'Chosin Few' Korean vets visit Nellis

  • Published
  • By Lila Edwards
  • Nellis AFB Public Affairs
Three hundred Korean War veteran survivors of the Battle of Chosin Reservoir (Jang Jin Ho) visited Nellis Sept. 20, and some of them shared their harrowing experiences during one of the most savage battles of the Korean War.

"I remember it like it was last week," said retired veteran Edward Toppel, who was a 21-year-old Navy 3rd Class hospital corpsman at that time.

"It was Nov. 27, 1950, and the B Company, 1st Battalion, 7th Regiment, was deep in the mountains by the reservoir. It was about 11 p.m. when we were suddenly and absolutely overrun with about 200,000 Chinese troops who were the units of the Ninth Army Group of the Chinese PLA, actually the Chinese Communist Forces. There were about 20,000 of us, the U.N. forces, mainly the U.S. 1st Marine Division and the U.S. 7th Infantry Division. The Chinese came at us like ants; they just kept coming and coming," he said quietly.

"My job as a corpsman was, of course, to tend to the wounded. But, I carried a carbine rifle and had to shoot my way to them. I remember working my way back behind those lines of Chinese five times, and each time I grabbed a hold on someone who had been shot and just ran back around to our line. The only way I could make sure I didn't get hit by our own U.N. troops was to shout cuss words out to let them know I was an American. The Chinese didn't know any of our cuss words, so we used them as passwords to get our own troops' attention and get fire-cover."

"Most of the English verbiage we heard coming from them, as they charged us was 'You die tonight American, or die now, die now.' They had orders to completely annihilate the entire U.N. contingent. And, we knew they had a special hatred for us Marines because we wouldn't give in. They referred to us as the crazy yellow legs, because we all wore yellow leggings as part of our uniforms," explained Mr. Toppel.

Mr. Toppel was shot three times while trying to tend to the wounded and dying fellow-Marines. However, he said, he had no idea how many times he had been shot because his legs from the knees down were frozen and had no feeling in them because of the minus-37 degrees temperature and the wind-chill, pulling the temperature down to a minus-70 degrees.

"I had to carry my morphine syrettes that I used to relieve the injured soldier's pain in my mouth to keep the syrettes from freezing," said Mr. Toppel. "Sometimes they still froze up, and I couldn't help them."

"We were all virtually freezing to death, standing up and fighting," agreed Ed Phillips, who, at the time, was 20 years old and a Private 1st Class with the Marine C Company, 2nd Battalion, 7th Regiment. "That includes the Chinese, who were dressed in only padded quilt uniforms and wore slippers that looked like today's tennis shoes. The snow and the wet just saturated them, and we could see them literally freezing and dying while standing or pointing their guns at us. Of the 200,000 of them, 40,000 of them were killed either from our gunfire or just freezing to death. We had almost 15,000 casualties ourselves in the U.N. forces, and about 7,500 of those casualties were cold-related injuries or fatalities."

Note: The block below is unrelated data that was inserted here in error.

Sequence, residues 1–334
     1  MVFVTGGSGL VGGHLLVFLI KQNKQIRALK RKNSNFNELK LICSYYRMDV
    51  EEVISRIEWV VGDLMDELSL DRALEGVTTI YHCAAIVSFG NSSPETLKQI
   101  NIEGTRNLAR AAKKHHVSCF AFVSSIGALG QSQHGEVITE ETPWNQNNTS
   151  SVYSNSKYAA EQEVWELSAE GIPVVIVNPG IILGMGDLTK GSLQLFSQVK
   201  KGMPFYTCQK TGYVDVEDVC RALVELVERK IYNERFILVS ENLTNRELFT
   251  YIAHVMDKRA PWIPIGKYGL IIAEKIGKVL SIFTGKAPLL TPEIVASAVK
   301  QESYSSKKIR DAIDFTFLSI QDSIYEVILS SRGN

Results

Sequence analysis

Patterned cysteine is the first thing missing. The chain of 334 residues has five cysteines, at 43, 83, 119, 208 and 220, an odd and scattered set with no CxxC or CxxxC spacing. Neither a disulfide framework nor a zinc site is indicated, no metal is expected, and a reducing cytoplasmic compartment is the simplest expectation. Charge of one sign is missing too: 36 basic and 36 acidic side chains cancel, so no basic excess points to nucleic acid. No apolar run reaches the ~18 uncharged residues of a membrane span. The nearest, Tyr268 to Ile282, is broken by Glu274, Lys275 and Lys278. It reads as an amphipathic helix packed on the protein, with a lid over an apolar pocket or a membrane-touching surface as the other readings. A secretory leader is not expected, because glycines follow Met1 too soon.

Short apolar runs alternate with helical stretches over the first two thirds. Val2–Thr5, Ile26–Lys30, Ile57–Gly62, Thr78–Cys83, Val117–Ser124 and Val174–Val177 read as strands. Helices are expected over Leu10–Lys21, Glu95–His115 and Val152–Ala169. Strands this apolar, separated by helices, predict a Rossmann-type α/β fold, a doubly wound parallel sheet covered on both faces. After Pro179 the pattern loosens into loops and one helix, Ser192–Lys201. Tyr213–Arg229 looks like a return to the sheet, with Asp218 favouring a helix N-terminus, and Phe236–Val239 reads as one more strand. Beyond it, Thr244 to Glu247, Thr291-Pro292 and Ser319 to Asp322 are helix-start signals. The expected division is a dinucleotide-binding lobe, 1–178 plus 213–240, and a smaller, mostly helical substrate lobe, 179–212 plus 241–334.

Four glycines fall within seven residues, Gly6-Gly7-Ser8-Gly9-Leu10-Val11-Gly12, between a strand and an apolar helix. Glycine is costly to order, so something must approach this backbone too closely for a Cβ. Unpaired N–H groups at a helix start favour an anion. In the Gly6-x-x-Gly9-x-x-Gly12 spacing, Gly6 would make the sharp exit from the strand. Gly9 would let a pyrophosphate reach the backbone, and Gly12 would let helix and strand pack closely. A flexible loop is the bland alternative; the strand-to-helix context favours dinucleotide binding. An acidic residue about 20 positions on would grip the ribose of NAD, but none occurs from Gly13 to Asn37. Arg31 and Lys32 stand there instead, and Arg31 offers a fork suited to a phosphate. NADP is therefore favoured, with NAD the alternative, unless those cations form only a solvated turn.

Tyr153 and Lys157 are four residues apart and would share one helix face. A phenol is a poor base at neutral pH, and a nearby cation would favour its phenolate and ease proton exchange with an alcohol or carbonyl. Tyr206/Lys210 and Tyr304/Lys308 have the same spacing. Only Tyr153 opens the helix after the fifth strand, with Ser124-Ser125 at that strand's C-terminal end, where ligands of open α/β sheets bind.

"We had to pull out and go back down a road that was barely wide enough for a single vehicle to pass. We followed one battalion tank and a bulldozer, which was being used to clear away the traps and debris the Chinese used to keep us pinned down and surrounded," said Mr. Phillips. "You know, as Marines we are committed to not leave anyone behind. But the Chinese were still coming down onto us from the mountains, and as we were loading up our wounded in our carrier trucks, the sub-zero weather froze them. We just had to keep replacing the frozen troops with other live, but wounded troops ... it was impossible to keep up with the exchange. You can't imagine how it was if you weren't there," he said.

"We remember this time of our lives every time any of us hear a bugle beginning Taps anywhere," explained Mr. Toppel. "The Chinese used bugles to signify they were attacking, and the first few notes they blew on those bugles was the beginning sounds of our Taps ... and then they came and just kept coming. But those of us here survived, and we are still so very proud of the fact that we didn't give up. We couldn't because we owed it to our country, and we owed it to those we had to leave over there."

Historical documentation from the U.S. Army Command Archives explain how the name "Chosin Few" came into existence. During the Korean War battle of the Chosin Reservoir area, Army senior commanders were utilizing area maps, which were actually written in Japanese. Therefore, Jang Jin Ho, was identified and translated as the Chosin Reservoir. In the Korean language, the word "few" means survivor. In 1983 when the survivors of the battle formed their association they decided, appropriately so, to call themselves the "Chosin Few."

"It was amazing to see our Air Force history through the eyes of these men and women who have served before us.", said Capt. Justin McVay, 99th Air Base Wing chief of media relations.

"I was honored to be a part of their Nellis tour and to get the opportunity to thank them for their service to our country."